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Merck & Co.'s Keytruda gets EU nod as additional therapy for skin cancer

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Merck & Co.'s Keytruda gets EU nod as additional therapy for skin cancer

Merck & Co. Inc. said the European Commission approved Keytruda as an adjuvant treatment — or given after initial therapy — for an advanced form of skin cancer.

The EU regulator gave Keytruda the nod for treating patients with stage 3 melanoma whose cancers have been completely removed through surgery and whose diseases have spread across the lymph nodes.

The approval is based on a phase 3 study, called Keynote-054, which showed that Keytruda reduced the risk of the disease coming back or death by 44% compared to placebo in skin cancer patients. Merck and the European Organisation for Research and Treatment of Cancer jointly conducted the trial, which was also known as EORTC1325.

Keytruda is a checkpoint inhibitor — a tumor-targeting drug that blocks the PD-1 arm on healthy cells from linking up with a partner arm on the surface of cancer cells to spread the disease.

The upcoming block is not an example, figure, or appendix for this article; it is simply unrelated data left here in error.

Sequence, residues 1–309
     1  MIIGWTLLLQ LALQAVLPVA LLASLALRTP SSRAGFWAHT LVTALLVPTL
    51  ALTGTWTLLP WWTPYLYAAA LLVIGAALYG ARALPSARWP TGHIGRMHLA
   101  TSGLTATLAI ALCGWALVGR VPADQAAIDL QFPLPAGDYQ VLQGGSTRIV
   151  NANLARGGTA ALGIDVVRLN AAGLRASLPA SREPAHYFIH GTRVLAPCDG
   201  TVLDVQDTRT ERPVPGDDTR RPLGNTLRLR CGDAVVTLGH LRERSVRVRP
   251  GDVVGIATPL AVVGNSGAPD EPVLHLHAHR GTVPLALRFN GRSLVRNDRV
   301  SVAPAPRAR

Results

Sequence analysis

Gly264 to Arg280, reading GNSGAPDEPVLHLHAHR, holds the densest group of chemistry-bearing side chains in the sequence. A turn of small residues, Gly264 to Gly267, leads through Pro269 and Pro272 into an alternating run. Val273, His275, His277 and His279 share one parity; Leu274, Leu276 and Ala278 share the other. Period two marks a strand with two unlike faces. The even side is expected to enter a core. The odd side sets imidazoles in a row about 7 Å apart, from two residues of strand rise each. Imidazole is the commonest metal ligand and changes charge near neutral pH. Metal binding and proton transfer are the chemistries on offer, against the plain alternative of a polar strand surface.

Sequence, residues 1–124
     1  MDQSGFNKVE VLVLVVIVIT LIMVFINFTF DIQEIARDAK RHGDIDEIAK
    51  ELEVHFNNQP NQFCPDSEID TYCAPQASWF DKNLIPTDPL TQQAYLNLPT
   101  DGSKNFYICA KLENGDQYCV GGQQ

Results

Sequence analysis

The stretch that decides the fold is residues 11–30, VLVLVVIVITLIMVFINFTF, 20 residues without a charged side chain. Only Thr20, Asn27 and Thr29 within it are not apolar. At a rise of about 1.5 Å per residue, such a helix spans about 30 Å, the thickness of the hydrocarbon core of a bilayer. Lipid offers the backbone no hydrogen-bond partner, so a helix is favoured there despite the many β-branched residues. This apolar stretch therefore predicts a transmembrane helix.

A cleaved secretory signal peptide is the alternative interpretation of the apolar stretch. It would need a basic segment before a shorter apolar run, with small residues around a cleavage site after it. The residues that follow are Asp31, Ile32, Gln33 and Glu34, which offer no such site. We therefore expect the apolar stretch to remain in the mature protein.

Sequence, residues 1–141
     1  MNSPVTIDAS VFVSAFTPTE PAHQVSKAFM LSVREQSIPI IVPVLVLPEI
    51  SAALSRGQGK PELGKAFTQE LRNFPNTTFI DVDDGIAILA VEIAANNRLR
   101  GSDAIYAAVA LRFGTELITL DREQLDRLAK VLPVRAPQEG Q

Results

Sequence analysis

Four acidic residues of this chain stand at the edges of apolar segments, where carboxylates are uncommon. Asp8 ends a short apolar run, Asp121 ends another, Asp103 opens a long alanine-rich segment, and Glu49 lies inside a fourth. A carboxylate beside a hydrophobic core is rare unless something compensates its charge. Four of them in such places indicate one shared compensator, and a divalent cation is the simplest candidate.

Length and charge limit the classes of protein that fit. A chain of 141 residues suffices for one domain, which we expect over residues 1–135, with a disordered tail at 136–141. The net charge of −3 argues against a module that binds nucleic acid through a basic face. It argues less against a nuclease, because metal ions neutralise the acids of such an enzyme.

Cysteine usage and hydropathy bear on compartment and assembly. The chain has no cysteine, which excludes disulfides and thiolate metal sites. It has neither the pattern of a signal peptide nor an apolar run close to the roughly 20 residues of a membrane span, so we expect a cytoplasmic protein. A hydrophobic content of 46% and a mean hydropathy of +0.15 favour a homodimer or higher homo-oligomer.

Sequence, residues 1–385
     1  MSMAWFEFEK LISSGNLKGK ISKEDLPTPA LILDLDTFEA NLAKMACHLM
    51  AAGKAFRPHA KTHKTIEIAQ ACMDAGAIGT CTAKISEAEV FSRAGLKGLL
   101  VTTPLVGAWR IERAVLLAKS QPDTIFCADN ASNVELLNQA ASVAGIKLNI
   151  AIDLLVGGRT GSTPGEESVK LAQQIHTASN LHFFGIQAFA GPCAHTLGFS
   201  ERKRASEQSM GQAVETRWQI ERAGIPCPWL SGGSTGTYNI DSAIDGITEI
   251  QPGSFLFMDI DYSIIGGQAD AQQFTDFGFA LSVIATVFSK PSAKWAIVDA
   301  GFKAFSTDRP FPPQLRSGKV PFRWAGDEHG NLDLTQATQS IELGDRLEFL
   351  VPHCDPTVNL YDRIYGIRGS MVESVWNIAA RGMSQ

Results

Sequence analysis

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Kenilworth, N.J.-based Merck is also seeking U.S. approval for Keytruda in the same indication. The U.S. Food and Drug Administration is expected to decide on the therapy's approval by Feb. 16, 2019.

Keytruda is already approved in the U.S., EU and elsewhere for multiple cancer indications.

Melanoma is the most serious form of skin cancer and is characterized by the uncontrolled growth of pigment-producing cells. An estimated 287,000 new melanoma cases are expected to be recorded in 2018, resulting in over 60,000 deaths, Merck said in a news release.